|Water and Sanitation in Emergencies - Good Practice Review 1 (ODI, 1994, 120 p.)|
|3. The Operating Environment: General Considerations|
The political realities within a country or region are probably the most significant external influence on an emergency programme. They are also the one aspect over which agencies can have virtually no influence, if they are to avoid jeopardising their ability to continue working in the country.
Assuming that political circumstances make it possible for refugees to enter a country or for displaced people to remain within it, political considerations can frequently influence other aspects of an emergency. Take the issue of camp location. Where a camp is to be sited can be an intensely sensitive political issue. Governments may prefer to keep refugees close to their borders and in difficult circumstances in order to discourage a lengthy stay; tribal and ethnic borders frequently differ from geographical borders and it may therefore be inappropriate for a government to allow people from neighbouring countries to settle in a camp within an area that is dominated by opposing political opinions; a government may be afraid of ethnically incited conflict spilling over into its own territory. The situation in Burundi in early 1994, where both Rwandan Hutu and Tutsi refugees and Burundian Hutu and Tutsi returnees were settled in camps amongst sometimes hostile displaced and resident populations, is an example of this; the potential for violence is enormous. Field workers should be aware that in certain circumstances, governments may have their own motives for inducing violence.
The combination of ethnic, national and international politics had a great influence on the fortunes of Somali refugees fleeing to Ethiopia in 1988. Hartisheik camp was sited where it was, because it was ethnically difficult to cross the nearby clan boundaries, and the Ogaden desert had recently been the battleground between Ethiopia and Somalia. The Horn of Africa was also strategically important during the Cold War; Soviet influence was strong in Ethiopia and US influence in Somalia. This is why water had to be tankered in from 75km away.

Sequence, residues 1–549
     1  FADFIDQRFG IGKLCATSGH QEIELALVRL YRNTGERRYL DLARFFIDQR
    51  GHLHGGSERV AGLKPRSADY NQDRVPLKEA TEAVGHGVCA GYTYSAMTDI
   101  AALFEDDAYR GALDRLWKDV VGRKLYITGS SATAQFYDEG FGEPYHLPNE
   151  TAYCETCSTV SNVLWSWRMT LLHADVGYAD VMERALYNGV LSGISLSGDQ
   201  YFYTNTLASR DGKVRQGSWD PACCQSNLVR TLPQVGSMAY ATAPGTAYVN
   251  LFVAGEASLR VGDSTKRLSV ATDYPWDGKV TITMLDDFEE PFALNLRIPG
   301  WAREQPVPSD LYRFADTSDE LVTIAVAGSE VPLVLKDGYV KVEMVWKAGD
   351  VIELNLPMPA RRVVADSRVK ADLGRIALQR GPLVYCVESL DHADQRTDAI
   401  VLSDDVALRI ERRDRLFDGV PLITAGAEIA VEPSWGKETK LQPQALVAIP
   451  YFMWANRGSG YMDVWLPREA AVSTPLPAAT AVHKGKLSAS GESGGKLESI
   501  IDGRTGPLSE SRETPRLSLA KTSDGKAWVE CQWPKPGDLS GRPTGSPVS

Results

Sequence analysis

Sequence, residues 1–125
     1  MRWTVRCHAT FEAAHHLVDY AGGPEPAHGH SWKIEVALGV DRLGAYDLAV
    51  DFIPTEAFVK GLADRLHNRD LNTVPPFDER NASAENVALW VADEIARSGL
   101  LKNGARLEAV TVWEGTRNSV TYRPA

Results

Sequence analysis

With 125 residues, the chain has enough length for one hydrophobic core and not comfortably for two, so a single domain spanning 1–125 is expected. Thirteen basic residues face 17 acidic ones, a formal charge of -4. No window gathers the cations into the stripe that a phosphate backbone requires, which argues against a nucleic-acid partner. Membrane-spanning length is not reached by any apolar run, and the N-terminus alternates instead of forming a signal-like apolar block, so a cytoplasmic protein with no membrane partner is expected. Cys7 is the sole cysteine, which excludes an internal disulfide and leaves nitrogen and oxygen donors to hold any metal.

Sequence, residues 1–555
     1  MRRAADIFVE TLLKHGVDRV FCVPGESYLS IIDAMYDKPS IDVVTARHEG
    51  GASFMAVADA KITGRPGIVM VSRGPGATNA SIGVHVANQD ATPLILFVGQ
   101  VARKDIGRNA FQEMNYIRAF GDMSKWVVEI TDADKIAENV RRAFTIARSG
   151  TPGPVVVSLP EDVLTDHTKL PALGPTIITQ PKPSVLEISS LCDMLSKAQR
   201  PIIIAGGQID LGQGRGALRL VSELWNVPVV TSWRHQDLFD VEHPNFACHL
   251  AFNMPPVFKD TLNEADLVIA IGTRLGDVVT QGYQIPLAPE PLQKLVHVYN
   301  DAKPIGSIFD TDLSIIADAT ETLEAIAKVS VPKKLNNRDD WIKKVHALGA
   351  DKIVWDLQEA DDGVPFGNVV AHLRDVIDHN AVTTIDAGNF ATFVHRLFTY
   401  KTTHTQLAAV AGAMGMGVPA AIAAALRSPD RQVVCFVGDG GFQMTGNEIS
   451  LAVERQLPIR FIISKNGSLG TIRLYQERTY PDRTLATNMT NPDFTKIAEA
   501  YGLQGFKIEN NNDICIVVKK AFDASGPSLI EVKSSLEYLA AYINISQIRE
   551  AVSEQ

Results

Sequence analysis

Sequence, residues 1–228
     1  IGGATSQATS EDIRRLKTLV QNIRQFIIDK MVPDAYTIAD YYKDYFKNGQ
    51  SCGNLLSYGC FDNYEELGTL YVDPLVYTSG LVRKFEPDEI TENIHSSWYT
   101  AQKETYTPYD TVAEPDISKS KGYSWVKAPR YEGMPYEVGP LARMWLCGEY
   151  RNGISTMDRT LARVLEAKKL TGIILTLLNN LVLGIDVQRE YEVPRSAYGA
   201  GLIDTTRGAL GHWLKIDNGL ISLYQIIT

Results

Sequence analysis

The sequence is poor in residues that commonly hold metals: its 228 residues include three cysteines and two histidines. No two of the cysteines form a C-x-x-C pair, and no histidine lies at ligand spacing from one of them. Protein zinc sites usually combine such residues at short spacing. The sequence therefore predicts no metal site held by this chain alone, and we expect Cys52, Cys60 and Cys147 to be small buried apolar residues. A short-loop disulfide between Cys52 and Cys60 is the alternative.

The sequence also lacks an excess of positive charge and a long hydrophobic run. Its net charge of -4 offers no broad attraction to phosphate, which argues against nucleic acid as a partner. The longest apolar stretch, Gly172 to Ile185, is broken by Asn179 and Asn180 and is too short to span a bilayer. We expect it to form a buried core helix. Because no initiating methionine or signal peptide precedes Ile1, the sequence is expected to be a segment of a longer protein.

Limiting access to water sources can also be used for political ends. As is discussed in Section 4.1, supplying water can sometimes justify an inappropriate site; similarly the type of infrastructure constructed in a camp may be influenced by political considerations. If large-scale investment has been put into constructing a water system at one site, it makes it more difficult for the government to move a refugee camp to a less appropriate one. Agencies involved in the emergency provision of water need to be fully aware of the implications of their decisions. Water is vital in these situations and because all sides need it, it can become a very powerful bargaining tool. This has to be recognised, and agencies need to make decisions with an eye to their future relevance both in terms of provision of the service and from a political standpoint.
Political influence can be brought to bear on a water and sanitation programme by the role local authorities decide to adopt. Whilst sometimes displaying a major commitment to an emergency programme, various local authorities can also feel a widely differing degree of responsibility for it, particularly where they take over responsibility for its co-ordination. The level of commitment can differ greatly from that of the agency, and this may have a direct impact on a water and sanitation programme. For example, the speed with which a local authority conducts negotiations over the land for pipelines or treatment sites once it has agreed to do so, can have a significant impact on the operation's progress.
Agencies have to ensure that their legal responsibilities are met when they are working in emergencies. Legal restrictions can limit their options in a number of sectors. For example, when an agency wanted to form a temporary dam during the dry season across the low flowing River Atbara in East Sudan, it had to obtain permission from the authorities, because interruption to the flow of water was restricted as the Atbara was a main tributary of the Nile.
Political circumstances can make it very difficult for people to settle for any length of time in one camp or area. This raises the question of how to provide water to a transient population. One way is as the International Committee of the Red Cross (ICRC) does, namely to use mobile water treatment units, which can be towed or mounted on the back of trucks or pickups. They are self-contained treatment plants and can produce good quality water in varying quantities depending upon their capacity and the quality of the raw water. The ICRC in Geneva can be contacted for information about its field experience.